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Running marathons as marathon training

991 Views 18 Replies 11 Participants Last post by  Coach Craig
I used to share the view that it was not smart to run the full distance during marathon training: my first several marathons, I maxed out at 22- or 23-mile long runs.<br><br>
But then last year I joined Marathon Maniacs, and my perspective on marathons changed. Now it feels like deprivation to go an entire marathon training cycle without running a marathon.<br><br>
Not only that, but last fall when I ran 4 marathons in 5 weeks, I noticed some surprising training benefits. Specifically, I'm often plagued by calf cramps late in a marathon. Over the course of those 4 marathons, my calf issues went from moderate to zero. So it seems like there was a definite beneficial adaptation. On the other hand, of course the first of those 4 marathons, my fall target marathon, was the fastest.<br><br>
So... with that in mind, what is the best way to use a marathon as a training run for a goal marathon? I'm running Boston this year, targeting ~3:10, and I'm using the Georgia marathon, three weeks earlier, as a training run. Options include:<br><br>
1. Treat it as a normal long run (~8:00 pace, ~3:30 finish).<br>
2. Treat it as an MP run: e.g. 1st 10 miles at 8:00 pace, next 10 at 7:15, last 6 easy.<br>
3. Go for my now-standard "non-target-marathon" goal of a BQ, 3:20.<br><br>
Plan 3 has the interesting feature that it can be combined with plan 2: if I do the first half at 8:00 pace, then the second half at goal MP, 7:15, that works out almost exactly to a 3:20 finish. However, if I just wanted to finish in 3:20, and minimize effort/damage, it would be smarter to run the whole thing at 7:38 pace. Plus the second half is somewhat hilly.<br><br>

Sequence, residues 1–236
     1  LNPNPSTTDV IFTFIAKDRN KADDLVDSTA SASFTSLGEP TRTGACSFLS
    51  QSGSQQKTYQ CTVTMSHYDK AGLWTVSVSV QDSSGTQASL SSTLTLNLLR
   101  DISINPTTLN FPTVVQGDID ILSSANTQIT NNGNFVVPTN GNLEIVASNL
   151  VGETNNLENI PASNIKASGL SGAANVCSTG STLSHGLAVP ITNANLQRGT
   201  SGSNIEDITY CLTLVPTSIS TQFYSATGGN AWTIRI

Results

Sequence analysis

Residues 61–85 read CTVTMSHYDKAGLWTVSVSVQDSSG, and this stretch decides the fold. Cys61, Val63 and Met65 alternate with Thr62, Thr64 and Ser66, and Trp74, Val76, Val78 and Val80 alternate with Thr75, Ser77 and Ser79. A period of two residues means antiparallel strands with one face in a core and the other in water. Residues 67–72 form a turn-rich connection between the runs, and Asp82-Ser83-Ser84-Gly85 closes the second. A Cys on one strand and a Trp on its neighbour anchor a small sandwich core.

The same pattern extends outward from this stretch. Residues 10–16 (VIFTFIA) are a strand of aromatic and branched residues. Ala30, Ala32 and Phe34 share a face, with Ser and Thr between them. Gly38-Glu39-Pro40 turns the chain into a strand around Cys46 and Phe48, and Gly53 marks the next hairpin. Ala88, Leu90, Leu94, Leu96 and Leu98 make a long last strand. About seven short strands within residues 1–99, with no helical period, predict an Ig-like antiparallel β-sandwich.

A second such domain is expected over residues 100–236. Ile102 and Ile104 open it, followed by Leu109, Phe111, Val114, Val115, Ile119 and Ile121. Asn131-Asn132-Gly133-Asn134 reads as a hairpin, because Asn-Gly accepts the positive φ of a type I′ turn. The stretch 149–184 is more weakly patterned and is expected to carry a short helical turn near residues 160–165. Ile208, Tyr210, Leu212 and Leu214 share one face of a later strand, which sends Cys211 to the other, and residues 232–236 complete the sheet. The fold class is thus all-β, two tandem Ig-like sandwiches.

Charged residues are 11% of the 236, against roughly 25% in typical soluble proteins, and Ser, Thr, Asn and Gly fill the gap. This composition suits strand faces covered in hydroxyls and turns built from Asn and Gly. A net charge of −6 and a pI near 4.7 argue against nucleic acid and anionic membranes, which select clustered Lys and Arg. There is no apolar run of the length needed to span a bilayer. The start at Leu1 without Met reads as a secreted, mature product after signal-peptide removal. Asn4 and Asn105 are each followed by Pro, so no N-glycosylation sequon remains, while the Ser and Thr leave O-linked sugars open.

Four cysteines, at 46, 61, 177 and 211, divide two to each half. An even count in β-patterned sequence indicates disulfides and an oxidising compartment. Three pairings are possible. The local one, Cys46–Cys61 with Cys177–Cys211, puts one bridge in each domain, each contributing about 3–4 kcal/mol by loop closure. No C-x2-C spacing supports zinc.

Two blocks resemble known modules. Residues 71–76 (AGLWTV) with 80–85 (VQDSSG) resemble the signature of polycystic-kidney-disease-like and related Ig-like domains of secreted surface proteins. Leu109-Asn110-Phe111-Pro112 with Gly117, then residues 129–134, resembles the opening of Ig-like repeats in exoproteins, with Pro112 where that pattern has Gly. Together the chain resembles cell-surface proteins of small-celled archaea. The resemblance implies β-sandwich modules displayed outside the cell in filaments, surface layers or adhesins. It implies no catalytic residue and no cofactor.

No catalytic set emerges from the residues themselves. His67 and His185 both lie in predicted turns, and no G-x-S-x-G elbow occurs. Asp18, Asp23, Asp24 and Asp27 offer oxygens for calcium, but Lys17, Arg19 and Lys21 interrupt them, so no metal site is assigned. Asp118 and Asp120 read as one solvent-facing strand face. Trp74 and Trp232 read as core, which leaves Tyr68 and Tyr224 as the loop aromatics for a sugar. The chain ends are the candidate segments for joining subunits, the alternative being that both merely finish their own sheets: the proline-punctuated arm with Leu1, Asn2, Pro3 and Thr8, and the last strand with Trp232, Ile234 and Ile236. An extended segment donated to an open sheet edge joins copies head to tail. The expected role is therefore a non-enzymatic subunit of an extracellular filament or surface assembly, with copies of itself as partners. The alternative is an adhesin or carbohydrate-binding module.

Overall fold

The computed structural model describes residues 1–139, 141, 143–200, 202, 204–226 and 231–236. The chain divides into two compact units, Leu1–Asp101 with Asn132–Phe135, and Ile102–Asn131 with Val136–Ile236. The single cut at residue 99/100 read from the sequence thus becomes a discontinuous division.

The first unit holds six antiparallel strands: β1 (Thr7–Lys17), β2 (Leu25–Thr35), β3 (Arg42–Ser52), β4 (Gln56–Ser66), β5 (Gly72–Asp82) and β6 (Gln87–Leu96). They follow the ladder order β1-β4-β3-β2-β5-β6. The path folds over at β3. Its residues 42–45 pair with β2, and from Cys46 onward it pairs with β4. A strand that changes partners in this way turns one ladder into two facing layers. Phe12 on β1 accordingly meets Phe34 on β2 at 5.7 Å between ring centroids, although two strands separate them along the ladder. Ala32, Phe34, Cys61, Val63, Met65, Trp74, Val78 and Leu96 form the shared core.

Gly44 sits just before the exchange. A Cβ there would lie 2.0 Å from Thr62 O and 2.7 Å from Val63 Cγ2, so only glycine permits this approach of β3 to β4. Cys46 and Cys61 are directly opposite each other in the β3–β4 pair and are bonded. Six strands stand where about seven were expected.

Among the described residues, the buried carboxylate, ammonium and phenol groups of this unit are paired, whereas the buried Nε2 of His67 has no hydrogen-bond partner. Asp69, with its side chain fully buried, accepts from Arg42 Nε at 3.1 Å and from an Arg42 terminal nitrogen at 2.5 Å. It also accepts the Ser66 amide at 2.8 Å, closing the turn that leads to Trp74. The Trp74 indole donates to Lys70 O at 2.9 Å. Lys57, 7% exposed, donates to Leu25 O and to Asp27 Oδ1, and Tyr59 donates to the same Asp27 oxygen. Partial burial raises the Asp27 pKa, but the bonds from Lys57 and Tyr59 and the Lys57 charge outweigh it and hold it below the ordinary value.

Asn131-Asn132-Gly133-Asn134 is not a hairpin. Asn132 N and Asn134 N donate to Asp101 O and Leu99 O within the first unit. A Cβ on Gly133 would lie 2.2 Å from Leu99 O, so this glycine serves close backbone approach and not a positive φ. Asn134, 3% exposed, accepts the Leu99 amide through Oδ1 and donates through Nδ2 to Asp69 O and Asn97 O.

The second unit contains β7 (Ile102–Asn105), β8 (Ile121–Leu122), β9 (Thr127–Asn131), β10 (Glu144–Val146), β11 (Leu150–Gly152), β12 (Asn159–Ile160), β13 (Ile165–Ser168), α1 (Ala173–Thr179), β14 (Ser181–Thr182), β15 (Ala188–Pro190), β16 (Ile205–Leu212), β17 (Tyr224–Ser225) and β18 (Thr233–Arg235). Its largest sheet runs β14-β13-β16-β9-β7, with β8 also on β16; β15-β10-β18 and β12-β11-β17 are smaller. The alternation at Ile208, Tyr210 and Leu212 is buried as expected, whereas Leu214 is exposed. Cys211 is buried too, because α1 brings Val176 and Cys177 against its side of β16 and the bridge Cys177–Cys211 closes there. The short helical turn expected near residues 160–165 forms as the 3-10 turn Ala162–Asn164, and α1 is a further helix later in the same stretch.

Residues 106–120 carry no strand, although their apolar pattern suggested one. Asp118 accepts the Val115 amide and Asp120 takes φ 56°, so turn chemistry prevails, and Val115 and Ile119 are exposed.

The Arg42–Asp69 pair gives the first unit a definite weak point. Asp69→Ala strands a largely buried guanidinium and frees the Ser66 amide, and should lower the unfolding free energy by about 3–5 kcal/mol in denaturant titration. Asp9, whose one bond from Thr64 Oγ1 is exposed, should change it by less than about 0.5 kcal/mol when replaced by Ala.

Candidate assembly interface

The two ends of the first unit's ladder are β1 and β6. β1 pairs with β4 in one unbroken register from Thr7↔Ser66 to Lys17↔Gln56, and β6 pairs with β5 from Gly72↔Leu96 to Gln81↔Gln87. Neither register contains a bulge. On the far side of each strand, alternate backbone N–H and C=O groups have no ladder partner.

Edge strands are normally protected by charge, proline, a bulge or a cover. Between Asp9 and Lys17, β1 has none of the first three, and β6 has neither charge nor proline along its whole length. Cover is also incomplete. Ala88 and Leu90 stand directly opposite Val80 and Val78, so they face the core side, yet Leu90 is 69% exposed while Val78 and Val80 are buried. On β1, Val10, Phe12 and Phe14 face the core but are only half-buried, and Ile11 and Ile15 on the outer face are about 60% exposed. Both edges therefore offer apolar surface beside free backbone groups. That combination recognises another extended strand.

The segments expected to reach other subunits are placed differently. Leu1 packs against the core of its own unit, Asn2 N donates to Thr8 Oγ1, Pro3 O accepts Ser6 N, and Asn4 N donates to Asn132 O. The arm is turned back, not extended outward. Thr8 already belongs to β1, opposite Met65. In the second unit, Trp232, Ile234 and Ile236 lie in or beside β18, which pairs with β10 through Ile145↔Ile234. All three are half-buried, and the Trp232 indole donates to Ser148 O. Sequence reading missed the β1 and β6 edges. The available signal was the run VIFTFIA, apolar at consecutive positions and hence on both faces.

Oh, and the schedule I'm on (Pfitzinger 55) calls for a 20-miler that day.<br><br>
One more thing... I'm also considering a half the week after Georgia (two weeks before Boston), as a full-effort tune-up race. I always like to get in a half as a marathon calibrator, and that one seems to be my only local option.<br><br>
Thoughts? Opinions?<br><br>
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Thanks, Chris. Sounds like good advice. I'm not sure I can make myself run the whole thing easy -- it would feel too much like not taking it seriously, not really running the marathon. The medal should mean something. Of course, not really racing it is the whole point. I'm having a hard time figuring out my ideal balance between running marathons for fun and for performance. Another thing is that I'm not shooting to PR at Boston anyway... so do I really need that half tune-up?<br><br>
Hawk, your Boston plan seems reasonable to me. Just don't get carried away in the first half, and be prepared to adjust your goal time based on the weather.
... except that April 16th was on a Friday in 1982, the only year Salazar won Boston. I guess it would have to be Jon Anderson, in 1973.<br><br><br>
Lots of great (and different) advice in this thread. I guess I still haven't decided how to approach Georgia.<br><br>
Re the half, no it's not strictly necessary. I just prefer to have a good target-time predictor. Other than the Georgia marathon and maybe that half, I think my only other tune-up race will be a 5K next weekend, which hardly counts.<br><br>
I guess the smart thing would really be to run the half at Georgia. But now we're back to my conflicting running goals: I want to run more marathons! If I thought I had a shot to PR at Boston it might be different; probably I will try to PR again in the fall, maybe at Chicago.
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